Family Meals: Tips for Nutritious, Delicious Fare (cont.)

Good Breakfast Bets

Of course, what you eat for breakfast matters. "Complex carbohydrates are the cornerstone of the most beneficial breakfasts because they produce a long-lasting supply of glucose for the brain and body," Bissex says. "Breakfast should also contain protein, fiber, and some fat to help children and adults feel fuller longer."

Translation: Go for fortified whole-grain breakfast cereals, such as Wheat Chex or oatmeal prepared with milk instead of water. When topped with fresh, dried, or frozen fruit, breakfast cereals make a complete meal. And they are ready in a snap.

Time is always tight in the morning, but by keeping breakfast simple so you're sure to include it even on busy days. Here are some more quick and easy morning meals for the family:

  • Whole-grain toast topped with 1 1/2 ounces melted reduced-fat cheddar cheese; 1 cup cubed fruit
  • Fat-free latte; 1/2 whole-wheat English muffin with 1/2 cup low-fat cottage cheese; medium banana
  • Peanut butter pancake roll-ups: microwave two small frozen pancakes and spread with 2 tablespoons peanut butter; 1/2 cup grapes; 8 ounces 1% low fat or skim milk
  • Cooked oatmeal with applesauce swirled in; topped with raisins and chopped almonds; 8 ounces low-fat yogurt
  • 2 ounces smoked salmon on 1/2 whole-wheat bagel with low-fat cream cheese; 1 cup berries; 8 ounces 1% low-fat or skim milk
  • 8 ounces coffee flavored yogurt with 1/2 cup toasted wheat germ cereal mixed in; 1 plum or nectarine
  • Egg and pita sandwich: 1 egg scrambled in 1 teaspoon olive oil stuffed into whole-wheat pita pocket and topped with salsa; 8 ounces 1% low-fat or skim milk
  • Breakfast parfait: Layer 1 cup low-fat yogurt; 1/2 cup crunchy whole-grain cereal; and 1 cup fresh, chopped fruit, or whole berries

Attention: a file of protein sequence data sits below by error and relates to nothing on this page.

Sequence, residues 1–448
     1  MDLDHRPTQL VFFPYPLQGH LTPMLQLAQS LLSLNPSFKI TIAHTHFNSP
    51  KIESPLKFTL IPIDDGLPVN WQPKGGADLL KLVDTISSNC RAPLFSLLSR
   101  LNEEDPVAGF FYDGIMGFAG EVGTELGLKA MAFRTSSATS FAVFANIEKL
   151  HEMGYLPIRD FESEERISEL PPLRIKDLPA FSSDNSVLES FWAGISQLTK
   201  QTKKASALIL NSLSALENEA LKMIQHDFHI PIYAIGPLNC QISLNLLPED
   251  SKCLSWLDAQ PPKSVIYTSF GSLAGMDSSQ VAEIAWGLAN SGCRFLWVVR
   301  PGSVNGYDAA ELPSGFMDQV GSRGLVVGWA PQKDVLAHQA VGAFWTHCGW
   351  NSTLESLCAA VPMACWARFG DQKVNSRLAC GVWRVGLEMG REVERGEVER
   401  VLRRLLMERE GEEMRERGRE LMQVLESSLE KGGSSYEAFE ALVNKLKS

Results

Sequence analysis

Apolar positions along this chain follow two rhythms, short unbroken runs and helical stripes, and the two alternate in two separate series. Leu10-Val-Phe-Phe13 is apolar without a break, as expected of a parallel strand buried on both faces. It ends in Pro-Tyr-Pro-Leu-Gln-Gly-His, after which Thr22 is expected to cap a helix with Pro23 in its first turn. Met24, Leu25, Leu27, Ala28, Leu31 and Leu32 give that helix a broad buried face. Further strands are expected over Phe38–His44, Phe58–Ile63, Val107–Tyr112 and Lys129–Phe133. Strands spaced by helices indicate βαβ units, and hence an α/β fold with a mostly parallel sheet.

For Healthy Dinners, Plan to Succeed

For Chicago's Janet Helm, a working mother of 2-year old twins, planning is paramount for preparing healthy meals, particularly dinner. "You can't make nutritious foods without a well-stocked pantry, refrigerator, and freezer," says Helm, who is also a registered dietitian and nutrition consultant. "Knowing what you have on hand and where it is streamlines meal preparation."


"Prepared and take-out foods can serve as the centerpiece of a meal or as a side dish."

Helm notes that a well-stocked kitchen doesn't mean every meal is made from scratch. Frozen seafood, store-bought roasted chicken, and pre-cut and frozen fruits and vegetables are high on her shopping list because they are good for you and easy to use.

She tosses sauteed or frozen vegetables into store-bought spaghetti sauce for a healthy pasta dish. In a rush, she'll defrost veggie burgers, marinated meats, and frozen fish fillets for quick entrees (Tip: place individual pieces in a sealed plastic bag and immerse in a bowl of hot water. The meat or fish will defrost quickly without par-cooking).